Amazon wants to put an Echo on your face with a range of Alexa-powered smart glasses

Update: Many had expected Amazon to use its recent launch event in Seattle to unveil a new Alexa-powered wearable. Instead, the retail giant completely overhauled its Amazon Echo and Alexa range. 

Amazon wants to put an Echo on your face with a range of Alexa-powered smart glasses

The new Amazon Echo range includes the Amazon Echo (2nd generation), Echo Plus, Echo Spot, Echo Connect, Echo Buttons, and a UK release date for the Echo Show. 

Read all about the new Amazon Echo range.

Original story continues below

Amazon’s first wearable device will be a pair of smart glasses with the company’s Alexa personal assistant built in, according to a report in the Financial Times.

The paper claims Amazon’s glasses will look much like a regular pair of spectacles, but will use bone-conduction technology so users can hear Alexa without having to use regular speakers or headphones.

The FT cites people familiar with Amazon’s plans and claims the company is also working on a home security camera system. The Amazon Echo Show already has the capability of streaming a feed from security cameras, but it’s understood the new hardware will be pitched much more directly as a security device.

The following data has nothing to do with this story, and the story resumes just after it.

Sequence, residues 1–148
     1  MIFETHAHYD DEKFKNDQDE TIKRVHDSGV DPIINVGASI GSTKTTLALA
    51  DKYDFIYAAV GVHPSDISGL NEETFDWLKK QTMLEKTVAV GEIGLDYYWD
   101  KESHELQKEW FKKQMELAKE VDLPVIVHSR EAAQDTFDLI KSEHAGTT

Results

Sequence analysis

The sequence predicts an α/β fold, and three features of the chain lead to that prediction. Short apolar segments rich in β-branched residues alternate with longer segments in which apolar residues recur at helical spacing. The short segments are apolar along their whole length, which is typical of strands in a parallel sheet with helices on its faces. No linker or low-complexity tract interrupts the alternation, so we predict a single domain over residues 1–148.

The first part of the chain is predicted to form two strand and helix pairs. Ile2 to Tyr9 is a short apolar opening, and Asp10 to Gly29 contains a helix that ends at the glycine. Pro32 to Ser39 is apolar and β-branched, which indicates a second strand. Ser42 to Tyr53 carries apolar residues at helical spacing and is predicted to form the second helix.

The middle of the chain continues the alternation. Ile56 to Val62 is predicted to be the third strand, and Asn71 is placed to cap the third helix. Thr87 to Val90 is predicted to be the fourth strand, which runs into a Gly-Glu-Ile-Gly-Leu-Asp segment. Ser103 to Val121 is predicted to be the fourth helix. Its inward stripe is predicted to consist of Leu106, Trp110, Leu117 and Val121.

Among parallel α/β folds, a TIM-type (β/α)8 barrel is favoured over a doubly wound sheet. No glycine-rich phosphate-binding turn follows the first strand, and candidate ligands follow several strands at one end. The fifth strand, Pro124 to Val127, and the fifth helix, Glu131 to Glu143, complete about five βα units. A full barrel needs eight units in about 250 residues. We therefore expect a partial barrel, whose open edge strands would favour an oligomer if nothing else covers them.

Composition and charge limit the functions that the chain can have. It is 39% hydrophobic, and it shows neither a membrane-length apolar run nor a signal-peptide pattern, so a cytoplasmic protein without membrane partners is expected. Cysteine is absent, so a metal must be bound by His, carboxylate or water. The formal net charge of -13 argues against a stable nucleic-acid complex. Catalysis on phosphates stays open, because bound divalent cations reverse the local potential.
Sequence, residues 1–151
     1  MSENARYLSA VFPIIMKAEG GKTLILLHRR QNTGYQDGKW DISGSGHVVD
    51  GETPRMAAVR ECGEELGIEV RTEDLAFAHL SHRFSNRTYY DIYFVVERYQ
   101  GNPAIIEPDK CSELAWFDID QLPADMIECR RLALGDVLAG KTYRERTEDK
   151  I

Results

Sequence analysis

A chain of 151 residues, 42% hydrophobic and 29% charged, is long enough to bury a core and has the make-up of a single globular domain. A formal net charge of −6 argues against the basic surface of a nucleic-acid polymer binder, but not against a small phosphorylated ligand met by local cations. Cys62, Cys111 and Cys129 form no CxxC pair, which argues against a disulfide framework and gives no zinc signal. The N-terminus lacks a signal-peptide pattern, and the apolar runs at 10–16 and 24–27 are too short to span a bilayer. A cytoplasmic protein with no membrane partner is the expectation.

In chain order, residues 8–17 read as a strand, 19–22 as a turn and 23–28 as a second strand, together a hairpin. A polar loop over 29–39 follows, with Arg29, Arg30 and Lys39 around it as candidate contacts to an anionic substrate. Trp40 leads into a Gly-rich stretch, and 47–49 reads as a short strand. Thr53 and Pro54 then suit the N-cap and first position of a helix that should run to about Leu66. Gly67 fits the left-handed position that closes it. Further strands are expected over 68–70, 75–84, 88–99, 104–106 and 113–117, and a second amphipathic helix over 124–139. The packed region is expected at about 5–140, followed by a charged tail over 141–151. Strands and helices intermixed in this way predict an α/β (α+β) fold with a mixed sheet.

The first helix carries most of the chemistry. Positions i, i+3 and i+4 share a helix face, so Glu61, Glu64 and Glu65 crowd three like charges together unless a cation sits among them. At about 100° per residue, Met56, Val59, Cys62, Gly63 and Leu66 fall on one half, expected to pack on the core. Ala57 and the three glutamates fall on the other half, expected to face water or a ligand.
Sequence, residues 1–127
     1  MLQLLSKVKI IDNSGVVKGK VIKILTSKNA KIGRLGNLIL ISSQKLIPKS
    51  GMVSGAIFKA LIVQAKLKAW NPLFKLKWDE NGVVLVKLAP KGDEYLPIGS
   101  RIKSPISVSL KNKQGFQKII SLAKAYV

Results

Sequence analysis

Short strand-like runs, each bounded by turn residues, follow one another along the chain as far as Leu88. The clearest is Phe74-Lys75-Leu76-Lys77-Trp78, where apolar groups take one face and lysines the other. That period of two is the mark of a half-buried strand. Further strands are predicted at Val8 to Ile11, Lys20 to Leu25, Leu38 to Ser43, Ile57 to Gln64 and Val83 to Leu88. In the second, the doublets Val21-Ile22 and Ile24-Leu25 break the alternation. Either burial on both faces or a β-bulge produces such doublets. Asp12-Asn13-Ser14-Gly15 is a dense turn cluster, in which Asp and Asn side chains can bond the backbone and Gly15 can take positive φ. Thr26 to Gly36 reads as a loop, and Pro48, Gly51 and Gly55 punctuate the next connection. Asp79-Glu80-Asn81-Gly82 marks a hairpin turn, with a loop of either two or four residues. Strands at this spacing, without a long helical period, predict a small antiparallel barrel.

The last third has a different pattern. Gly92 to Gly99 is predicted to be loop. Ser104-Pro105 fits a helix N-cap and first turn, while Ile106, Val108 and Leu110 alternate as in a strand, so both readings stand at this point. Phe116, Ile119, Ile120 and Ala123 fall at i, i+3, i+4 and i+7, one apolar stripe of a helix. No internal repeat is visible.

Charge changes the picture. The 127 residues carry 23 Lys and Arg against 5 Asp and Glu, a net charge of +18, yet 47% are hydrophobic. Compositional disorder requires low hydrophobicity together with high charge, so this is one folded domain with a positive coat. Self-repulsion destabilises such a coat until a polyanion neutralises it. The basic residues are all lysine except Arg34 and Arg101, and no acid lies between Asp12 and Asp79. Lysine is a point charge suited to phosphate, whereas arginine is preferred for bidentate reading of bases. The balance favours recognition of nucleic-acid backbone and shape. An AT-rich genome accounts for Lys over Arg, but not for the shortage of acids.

The Alexa smart glasses won’t, apparently, have a screen, nor will they have a camera. Snapchat owners Snap made its first foray into wearable technology with the latter, in the form of its camera-embedded Spectacles. All the same, it’s hard not to see the potential product as a pitch for a similar market. There have also been murmurs about Apple working on an augmented-reality headset, bringing to mind memories of the original Google Glass.

The FT’s sources say that “one or both” of the glasses and security device could arrive this year, alongside a number of updates to the company’s Echo line.

Bone-conduction technology is a relatively new innovation, only recently making the leap from military hardware to consumer products. The AfterShokz Trekz, for example, uses bone conduction to vibrate sound into the ear’s cochlea, bypassing the eardrum and allegedly making for a safer listening experience.

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